Twitter suspends account of Ohio doctor who claimed COVID-19 vaccine causes magnetism
CLEVELAND, Ohio (WOIO) - The Twitter account for a Northeast Ohio doctor and known anti-vaccine advocate has been suspended.
The main page for Dr. Sherri Tenpenny has been replaced, at least temporarily, with a slate that reads:
“Twitter suspends accounts which violate the Twitter Rules.”
Dr. Tenpenny became even more widely known nationally following her testimony during a recent Ohio House Health Committee hearing, where she alleged through misinformation that the COVID-19 vaccine leads to magnetism and causes metal objects to stick to one’s body.
“I’m sure you’ve seen the pictures all over the internet of people who have had these shots and now they’re magnetized. They can put a key on their forehead. It sticks. They can put spoons and forks all over them and they can stick,” Dr. Sherri Tenpenny, who practices in the Cleveland area, said in defense of House Bill 248.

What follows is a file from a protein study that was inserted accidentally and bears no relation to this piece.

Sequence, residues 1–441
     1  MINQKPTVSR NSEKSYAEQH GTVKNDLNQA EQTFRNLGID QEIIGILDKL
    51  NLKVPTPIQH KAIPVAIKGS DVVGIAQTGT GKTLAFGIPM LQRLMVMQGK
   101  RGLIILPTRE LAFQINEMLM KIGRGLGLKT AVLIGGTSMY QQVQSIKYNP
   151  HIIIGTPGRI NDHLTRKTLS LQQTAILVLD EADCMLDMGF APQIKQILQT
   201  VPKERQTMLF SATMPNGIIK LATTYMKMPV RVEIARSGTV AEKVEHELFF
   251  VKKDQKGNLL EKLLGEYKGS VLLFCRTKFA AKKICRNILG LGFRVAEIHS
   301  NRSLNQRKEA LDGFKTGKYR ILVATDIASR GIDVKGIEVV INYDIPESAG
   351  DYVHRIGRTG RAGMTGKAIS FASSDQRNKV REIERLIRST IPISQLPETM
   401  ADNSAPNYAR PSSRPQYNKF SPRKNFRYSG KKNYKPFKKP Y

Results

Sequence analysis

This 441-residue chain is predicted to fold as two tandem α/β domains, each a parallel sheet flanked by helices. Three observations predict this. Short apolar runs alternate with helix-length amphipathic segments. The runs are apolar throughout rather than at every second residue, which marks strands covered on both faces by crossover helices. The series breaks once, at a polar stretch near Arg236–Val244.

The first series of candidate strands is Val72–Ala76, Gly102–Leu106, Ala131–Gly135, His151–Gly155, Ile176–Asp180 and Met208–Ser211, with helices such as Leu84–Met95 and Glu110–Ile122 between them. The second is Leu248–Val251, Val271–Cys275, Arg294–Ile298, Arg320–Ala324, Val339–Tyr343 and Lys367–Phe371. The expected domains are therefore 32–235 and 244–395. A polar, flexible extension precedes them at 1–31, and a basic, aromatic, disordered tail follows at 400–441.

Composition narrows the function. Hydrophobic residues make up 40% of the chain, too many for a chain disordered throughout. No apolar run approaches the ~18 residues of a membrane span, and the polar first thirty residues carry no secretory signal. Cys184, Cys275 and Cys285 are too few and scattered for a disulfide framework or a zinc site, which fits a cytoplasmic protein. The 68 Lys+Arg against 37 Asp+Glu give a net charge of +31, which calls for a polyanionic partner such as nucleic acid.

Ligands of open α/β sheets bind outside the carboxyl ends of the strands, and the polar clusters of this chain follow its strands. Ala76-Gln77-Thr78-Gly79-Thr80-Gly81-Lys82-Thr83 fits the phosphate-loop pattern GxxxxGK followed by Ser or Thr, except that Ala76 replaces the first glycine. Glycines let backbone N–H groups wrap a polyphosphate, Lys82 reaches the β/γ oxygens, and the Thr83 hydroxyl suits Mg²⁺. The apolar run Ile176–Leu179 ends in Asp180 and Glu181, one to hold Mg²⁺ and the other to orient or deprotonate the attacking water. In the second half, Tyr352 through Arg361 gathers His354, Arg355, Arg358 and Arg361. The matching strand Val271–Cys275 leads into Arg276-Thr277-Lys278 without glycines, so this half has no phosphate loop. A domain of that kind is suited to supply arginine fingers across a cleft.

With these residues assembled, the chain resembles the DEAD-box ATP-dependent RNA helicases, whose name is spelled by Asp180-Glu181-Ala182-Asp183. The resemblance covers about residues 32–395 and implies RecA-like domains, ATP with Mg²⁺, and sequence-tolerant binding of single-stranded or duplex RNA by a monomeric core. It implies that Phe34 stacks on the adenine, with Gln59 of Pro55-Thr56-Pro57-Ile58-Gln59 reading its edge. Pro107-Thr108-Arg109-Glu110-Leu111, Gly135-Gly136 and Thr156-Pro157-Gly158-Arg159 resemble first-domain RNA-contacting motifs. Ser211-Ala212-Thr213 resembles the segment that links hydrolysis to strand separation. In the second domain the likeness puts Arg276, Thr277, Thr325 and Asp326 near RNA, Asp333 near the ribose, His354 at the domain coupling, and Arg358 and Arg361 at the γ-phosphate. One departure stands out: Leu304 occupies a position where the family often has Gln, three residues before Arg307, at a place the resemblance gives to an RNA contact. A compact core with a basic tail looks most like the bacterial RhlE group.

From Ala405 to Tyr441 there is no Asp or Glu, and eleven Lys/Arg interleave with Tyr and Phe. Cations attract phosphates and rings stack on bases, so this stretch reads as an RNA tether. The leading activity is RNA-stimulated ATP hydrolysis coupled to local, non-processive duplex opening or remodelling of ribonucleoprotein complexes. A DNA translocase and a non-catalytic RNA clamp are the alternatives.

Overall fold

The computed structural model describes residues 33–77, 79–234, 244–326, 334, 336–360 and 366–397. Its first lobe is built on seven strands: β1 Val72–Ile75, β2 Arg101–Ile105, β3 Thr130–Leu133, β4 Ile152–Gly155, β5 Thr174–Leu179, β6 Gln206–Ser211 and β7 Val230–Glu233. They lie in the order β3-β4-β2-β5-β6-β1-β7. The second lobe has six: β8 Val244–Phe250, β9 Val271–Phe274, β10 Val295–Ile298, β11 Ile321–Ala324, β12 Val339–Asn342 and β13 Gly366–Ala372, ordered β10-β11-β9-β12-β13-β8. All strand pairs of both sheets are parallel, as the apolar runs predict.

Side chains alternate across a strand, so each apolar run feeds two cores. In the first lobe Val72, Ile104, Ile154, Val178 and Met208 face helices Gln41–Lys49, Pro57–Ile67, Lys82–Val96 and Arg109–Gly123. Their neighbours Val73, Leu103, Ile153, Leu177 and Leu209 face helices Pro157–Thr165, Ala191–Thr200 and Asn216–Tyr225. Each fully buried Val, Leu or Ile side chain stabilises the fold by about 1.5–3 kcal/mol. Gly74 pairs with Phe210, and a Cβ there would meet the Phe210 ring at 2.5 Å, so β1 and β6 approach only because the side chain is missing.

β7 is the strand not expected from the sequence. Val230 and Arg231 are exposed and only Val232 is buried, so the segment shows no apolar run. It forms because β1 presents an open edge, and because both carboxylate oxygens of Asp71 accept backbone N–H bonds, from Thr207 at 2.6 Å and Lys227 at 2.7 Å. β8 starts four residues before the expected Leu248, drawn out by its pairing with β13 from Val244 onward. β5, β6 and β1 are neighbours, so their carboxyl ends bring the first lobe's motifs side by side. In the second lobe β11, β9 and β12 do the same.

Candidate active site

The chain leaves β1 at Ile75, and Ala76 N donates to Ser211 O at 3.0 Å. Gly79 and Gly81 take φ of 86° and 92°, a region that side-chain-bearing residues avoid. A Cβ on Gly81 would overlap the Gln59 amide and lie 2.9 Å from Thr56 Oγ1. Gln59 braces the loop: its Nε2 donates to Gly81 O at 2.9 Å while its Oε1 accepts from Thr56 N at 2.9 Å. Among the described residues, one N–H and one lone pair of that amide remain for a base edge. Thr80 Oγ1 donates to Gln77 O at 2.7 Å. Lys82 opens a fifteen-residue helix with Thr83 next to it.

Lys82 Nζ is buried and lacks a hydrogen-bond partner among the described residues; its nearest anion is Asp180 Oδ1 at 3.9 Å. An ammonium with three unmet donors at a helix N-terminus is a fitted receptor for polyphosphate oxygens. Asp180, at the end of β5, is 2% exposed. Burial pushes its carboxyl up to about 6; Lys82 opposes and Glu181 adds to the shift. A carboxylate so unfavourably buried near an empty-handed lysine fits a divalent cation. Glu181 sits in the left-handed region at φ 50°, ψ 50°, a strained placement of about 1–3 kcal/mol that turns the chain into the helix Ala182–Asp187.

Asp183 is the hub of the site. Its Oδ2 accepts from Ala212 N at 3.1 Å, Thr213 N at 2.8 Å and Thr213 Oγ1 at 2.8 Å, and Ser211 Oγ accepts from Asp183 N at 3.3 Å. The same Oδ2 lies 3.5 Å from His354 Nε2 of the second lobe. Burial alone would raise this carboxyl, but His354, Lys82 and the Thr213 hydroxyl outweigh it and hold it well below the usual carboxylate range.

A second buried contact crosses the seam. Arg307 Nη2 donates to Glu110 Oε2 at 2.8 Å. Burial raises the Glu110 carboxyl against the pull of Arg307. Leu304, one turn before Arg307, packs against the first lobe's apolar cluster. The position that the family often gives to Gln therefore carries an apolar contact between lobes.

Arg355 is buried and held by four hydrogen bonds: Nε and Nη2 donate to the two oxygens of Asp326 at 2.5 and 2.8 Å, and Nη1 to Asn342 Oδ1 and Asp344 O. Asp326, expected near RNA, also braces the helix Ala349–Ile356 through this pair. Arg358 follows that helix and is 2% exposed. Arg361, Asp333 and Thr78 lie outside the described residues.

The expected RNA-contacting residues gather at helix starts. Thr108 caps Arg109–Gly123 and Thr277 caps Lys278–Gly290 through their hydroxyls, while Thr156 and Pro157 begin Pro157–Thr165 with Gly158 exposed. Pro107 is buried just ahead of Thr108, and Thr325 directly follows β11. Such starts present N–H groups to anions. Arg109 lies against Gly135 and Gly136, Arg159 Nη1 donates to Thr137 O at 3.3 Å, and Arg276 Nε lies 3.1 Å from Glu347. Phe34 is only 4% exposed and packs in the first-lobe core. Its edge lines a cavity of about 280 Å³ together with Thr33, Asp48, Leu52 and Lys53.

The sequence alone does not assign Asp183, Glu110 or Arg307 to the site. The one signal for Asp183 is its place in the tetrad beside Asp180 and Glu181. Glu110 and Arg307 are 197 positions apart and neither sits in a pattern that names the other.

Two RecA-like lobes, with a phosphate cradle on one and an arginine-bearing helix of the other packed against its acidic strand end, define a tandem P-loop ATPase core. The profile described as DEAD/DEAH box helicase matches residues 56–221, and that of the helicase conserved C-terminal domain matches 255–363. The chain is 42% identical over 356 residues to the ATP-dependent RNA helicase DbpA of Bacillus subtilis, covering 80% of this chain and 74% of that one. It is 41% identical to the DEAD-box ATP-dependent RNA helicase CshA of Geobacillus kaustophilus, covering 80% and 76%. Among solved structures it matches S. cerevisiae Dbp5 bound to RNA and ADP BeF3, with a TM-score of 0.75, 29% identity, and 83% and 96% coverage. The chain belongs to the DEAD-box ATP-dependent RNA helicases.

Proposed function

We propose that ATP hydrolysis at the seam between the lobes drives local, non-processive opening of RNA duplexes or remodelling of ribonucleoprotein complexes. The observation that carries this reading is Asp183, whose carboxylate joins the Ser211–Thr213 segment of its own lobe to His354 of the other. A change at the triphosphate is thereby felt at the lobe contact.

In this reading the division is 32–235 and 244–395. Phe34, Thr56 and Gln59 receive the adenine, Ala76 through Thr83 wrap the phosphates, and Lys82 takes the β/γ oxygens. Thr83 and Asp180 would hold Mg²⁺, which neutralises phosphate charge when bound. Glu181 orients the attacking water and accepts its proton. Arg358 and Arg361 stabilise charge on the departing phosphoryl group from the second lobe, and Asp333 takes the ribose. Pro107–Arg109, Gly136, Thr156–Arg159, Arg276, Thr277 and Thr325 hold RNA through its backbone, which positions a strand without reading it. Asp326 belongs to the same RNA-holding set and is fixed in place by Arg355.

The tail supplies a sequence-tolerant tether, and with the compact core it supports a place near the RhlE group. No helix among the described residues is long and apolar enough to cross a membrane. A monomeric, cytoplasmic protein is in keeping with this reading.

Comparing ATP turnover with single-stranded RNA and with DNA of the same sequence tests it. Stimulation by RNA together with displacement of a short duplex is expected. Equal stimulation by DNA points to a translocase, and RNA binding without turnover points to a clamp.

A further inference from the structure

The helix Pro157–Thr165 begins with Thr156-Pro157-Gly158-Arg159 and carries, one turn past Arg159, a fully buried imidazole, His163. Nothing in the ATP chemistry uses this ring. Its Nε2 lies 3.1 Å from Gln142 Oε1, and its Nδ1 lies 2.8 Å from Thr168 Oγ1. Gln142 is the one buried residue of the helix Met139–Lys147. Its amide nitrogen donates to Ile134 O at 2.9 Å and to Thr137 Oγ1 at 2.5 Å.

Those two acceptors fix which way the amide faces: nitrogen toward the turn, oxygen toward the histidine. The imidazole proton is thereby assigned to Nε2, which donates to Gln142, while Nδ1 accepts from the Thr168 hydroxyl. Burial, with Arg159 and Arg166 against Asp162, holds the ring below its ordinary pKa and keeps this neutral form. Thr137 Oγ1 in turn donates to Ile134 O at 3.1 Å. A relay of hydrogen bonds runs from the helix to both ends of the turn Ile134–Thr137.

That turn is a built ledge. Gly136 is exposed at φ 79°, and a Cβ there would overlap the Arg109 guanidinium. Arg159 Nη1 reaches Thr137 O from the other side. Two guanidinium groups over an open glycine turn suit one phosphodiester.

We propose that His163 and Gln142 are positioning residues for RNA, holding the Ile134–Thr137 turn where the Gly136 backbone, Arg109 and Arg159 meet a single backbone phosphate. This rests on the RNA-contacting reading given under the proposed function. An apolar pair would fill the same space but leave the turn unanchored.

The Centers for Disease Control and Prevention debunked Dr. Tenpenny’s inaccurate claim:
“Receiving a COVID-19 vaccine will not make you magnetic, including at the site of vaccination which is usually your arm. COVID-19 vaccines do not contain ingredients that can produce an electromagnetic field at the site of your injection. All COVID-19 vaccines are free from metals such as iron, nickel, cobalt, lithium, and rare earth alloys, as well as any manufactured products such as microelectronics, electrodes, carbon nanotubes, and nanowire semiconductors. In addition, the typical dose for a COVID-19 vaccine is less than a milliliter, which is not enough to allow magnets to be attracted to your vaccination site even if the vaccine was filled with a magnetic metal.”
Dr. Tenpenny is a licensed physician who practices in the Cleveland area.
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